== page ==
Most adults are failing to get the recommended seven to nine hours of sleep each night, with the average UK adult only achieving 6 hours and 49 minutes sleep each night. Sleep loss can have a significant impact on businesses, with lower productivity and lower quality of work costing businesses significant sums of money each year. Sleep is also crucial for employee health and wellbeing, with employees likely to be absent through illness and to take longer to return to full health after a period of sleep loss.
To combat the negative effect limited sleep can have at work, employers such as Google and Ben & Jerry’s are embracing workplace naps. Research has found that a 15-20 minute nap in the afternoon will stop employees suffering from fatigue or feeling sluggish. After a nap, employees are more likely to feel alert and creative, leading to higher quality work and fewer mistakes being made as the working day draws to a close. Businesses who wish to allow napping at work can simply provide staff with the opportunity to take a nap and provide the facilities to do so. Whilst equipment such as sleep pods are available for employers to purchase, this can be as simple as allocating a quiet room that contains facilities for employees to lie down. At BrightHR, we have fully embraced workplace naps and have installed sleep tents where employees can take a power nap for 15-20 minutes. The outcome of this initiative is that post-nap employees have felt recharged and more motivated.
Allowing employees to nap at work is still seen as an unusual initiative and employees who have never had the opportunity to take a nap at work before may be unsure about their rights to sleep at work, or their responsibilities when doing so. Employers in high-pressure sectors or businesses with high demand may also experience a significant uptake in the initiative, leaving a shortage of staff during key times. To ensure full transparency and to remove any uncertainty, businesses can introduce a ‘napping at work policy’. The policy can outline information such as the facilities available within the workplace; the maximum length of time for resting; the period when naps can be taken; and how many staff can use the facilities at the same time.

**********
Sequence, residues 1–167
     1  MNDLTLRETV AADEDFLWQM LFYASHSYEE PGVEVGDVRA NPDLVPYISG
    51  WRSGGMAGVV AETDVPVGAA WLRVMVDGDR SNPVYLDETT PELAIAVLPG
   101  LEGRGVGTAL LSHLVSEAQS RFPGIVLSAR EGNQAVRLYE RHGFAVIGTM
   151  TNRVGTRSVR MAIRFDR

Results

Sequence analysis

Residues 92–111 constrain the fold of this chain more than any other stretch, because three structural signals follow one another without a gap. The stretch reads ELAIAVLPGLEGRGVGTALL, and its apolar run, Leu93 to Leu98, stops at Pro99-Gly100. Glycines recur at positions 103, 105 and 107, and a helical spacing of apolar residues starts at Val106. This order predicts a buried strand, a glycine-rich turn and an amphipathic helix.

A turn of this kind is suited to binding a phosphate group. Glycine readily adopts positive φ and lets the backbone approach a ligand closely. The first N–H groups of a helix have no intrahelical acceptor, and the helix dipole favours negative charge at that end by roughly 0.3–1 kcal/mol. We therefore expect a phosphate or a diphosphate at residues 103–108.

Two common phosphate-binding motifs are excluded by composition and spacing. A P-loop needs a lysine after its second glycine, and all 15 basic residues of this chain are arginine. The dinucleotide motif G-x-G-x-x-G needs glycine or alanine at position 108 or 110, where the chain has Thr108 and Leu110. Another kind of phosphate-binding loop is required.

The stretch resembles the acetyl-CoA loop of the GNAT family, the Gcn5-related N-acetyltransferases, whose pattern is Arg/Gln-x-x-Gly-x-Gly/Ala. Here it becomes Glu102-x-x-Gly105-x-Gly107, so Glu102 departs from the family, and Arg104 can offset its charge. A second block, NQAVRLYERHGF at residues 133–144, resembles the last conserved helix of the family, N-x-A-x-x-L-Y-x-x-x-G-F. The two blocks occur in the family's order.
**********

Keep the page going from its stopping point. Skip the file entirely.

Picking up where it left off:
Businesses who don’t want to introduce workplace naps could look at introducing downtime for employees instead, as recently suggested by Public Health England. Allowing downtime at work, and encouraging employees to switch off outside of work, will help employees to get longer and better quality sleep at night as they are less worried about their work responsibilities. To encourage this, employers should avoid sending emails or staff communications to mobile devices outside of working hours, set aside time for rest during the working day and provide quiet areas for employees to go to relax away from their workspace.